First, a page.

“Very well.” She didn’t seem disappointed. “You’re going into town tomorrow? I don’t think we need as much this time, so take some time for yourself, okay?”

What was that? I was pretty sure we were running out of food, as usual. What did she mean, ‘not as much’? I made sure not to show my apprehension in my face. “Okay,” I managed to say.

“If he’s going to town, could I go too?” asked Ku.

Menna stood up with her empty bowl. “Ha, and what would you do in town?” she asked. She flicked Ku’s ear as she walked by. “You probably couldn’t even keep up with him. Why go?”

Ku clenched her fist, and I noticed the tips of her ears and nose started turning red.

“Careful, Menna,” I interjected before Ku could move. “She’ll put a tarantula on your pillow again if you keep teasing her like that.”

Menna put her bowl away, turned, and set her hands on her hips. “She does that, and I’ll kill her little bawl.”

“You better not!” Ku hollered, jumping to her feet.

Semiramis sighed. “Enough, girls.”

“Then you’d better not mess with me,” Menna threatened.

Ku scoffed. “You started it. Stop messing with me!”

“Maybe I would, if you weren’t so weird.”

“Girls, enough!” Semiramis said in her stern voice.

Ku stomped her foot. “Well, maybe you shouldn’t be such a stuck-up, little brat.”

I put my head in the palm of my hand. Now she’d done it.

Menna put her hand to her mouth and her face flushed orange. “Stuck-up-”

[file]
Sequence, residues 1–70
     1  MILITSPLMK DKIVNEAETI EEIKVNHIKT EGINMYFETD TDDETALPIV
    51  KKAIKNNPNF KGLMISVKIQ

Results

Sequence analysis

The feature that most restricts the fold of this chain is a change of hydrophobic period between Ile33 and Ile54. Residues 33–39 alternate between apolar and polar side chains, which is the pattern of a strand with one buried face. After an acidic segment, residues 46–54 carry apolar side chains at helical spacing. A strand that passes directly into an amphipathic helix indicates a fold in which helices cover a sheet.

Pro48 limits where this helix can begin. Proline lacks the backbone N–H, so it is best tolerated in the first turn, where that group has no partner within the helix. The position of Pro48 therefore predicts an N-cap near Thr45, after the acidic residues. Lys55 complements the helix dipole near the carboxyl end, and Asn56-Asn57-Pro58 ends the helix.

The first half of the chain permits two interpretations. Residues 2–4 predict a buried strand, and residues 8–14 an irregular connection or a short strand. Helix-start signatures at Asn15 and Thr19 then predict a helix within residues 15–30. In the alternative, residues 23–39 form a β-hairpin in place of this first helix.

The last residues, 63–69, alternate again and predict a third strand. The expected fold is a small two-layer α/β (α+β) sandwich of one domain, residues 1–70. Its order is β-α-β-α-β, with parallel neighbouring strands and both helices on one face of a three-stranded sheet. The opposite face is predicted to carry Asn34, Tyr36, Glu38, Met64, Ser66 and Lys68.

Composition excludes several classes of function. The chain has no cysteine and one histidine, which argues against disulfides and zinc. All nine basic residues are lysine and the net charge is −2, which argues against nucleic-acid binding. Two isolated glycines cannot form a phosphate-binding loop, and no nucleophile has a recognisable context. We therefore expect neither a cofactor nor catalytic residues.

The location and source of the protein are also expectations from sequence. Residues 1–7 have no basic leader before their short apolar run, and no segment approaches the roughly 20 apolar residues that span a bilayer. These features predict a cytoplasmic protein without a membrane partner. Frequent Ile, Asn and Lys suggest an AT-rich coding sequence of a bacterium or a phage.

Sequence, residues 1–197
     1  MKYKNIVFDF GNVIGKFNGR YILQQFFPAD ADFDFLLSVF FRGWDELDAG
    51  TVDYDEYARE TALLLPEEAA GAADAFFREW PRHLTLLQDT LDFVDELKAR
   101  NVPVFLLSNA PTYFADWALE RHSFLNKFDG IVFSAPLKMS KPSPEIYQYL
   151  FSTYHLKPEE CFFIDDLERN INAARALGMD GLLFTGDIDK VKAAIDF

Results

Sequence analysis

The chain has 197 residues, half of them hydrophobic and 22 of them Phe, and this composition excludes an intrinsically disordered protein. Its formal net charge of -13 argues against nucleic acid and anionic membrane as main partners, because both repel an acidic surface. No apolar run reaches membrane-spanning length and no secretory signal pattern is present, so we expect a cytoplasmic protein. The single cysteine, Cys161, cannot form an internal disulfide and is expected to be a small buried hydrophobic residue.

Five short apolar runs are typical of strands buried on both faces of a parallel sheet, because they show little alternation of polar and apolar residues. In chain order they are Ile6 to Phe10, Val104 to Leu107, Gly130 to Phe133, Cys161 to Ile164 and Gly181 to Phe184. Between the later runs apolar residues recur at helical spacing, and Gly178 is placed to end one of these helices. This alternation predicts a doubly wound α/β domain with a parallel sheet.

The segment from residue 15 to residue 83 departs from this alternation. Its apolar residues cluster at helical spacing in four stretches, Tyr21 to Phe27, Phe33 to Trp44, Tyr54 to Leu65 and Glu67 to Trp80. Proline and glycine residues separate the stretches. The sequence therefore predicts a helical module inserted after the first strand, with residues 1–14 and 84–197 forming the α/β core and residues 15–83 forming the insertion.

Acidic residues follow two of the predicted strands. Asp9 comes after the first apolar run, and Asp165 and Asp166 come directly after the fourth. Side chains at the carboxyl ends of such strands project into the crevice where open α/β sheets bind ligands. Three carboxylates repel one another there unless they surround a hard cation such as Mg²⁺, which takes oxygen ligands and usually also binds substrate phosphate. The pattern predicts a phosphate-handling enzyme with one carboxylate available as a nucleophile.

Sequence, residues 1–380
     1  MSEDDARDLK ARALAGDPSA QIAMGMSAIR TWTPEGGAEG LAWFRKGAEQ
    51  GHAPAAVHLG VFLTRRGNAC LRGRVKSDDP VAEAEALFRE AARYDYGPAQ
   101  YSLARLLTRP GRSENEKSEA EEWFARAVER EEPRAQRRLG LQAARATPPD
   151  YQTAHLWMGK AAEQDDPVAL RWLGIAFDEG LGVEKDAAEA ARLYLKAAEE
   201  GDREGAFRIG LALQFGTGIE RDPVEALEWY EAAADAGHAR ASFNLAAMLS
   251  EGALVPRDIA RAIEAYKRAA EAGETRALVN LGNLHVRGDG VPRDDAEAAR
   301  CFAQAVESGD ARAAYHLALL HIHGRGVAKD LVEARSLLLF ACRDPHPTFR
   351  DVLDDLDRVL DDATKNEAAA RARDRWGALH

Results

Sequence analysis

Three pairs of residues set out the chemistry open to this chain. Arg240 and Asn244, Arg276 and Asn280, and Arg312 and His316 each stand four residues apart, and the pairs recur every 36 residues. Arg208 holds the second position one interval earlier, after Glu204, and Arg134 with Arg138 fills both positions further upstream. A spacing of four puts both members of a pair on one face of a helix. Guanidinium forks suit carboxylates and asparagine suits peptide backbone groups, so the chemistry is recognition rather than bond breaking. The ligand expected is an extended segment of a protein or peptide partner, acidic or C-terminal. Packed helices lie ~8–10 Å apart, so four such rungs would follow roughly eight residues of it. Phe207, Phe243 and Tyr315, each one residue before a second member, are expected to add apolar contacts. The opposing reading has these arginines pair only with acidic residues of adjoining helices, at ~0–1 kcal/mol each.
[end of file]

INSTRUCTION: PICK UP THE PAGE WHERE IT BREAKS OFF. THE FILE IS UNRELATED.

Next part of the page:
Before she could say more, Gouyen began crying. The child’s scream rang out, amplified by his power. Everyone immediately put their hands to their ears. It was so loud it was painful.

Semiramis hollered over the scream, “Abirami, take Gouyen outside. I need to settle this here.”

I looked at her, longing for a different decision. I sighed, my shoulders drooped, but I nodded my head. My ears were the most sensitive in the house, but it was also true I’d had the most success in calming Gouyen down in these situations.

I walked outside with Gouyen in my arms, his torturous scream ringing in my ears. I pictured my father’s calming voice and focused on it. I began to hum, rocking Gouyen back and forth while I continued to walk away from the hovel.

I knew the further I walked, the easier it would be to calm him down. He was a Neulahdian, after all. I hadn’t known much about Neulahdians before we took in Gouyen. They’re typically feared because no one knew much about them, and they kept to themselves. Whatever powers they had seemed related to their mental abilities. Some said they’re telepaths, while others said they’re just empaths. Either way, their abilities could be very powerful, at least my definition of powerful. Gouyen’s screams had made my ears bleed before. The other thing I’d learned about Neulahdians was that they developed much slower than most races. Gouyen was probably close to three years old, but his body and mind were more like where a one-year-old would be. Perhaps they lived longer to offset this. Who knew? Either way, he was a bit of an enigma. A cute enigma, but one nonetheless.

Gouyen finally stopped crying, and I gave a sigh of relief. I looked back, barely able to see the lights of the hovel through the trees. “I’m going to have to board those up better,” I said out loud. My eyebrows bunched, and I could feel a headache coming on.

Gouyen reached up and touched my chin. Suddenly, my anxiety over the lights, along with the pressure in my head, vanished. I looked at the little one in my arms, tilted my head to the side, and smiled. “Did you do that?”

I laughed at myself. What a silly thought. I started walking back. Surely the fight was over by now.

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Trip Williams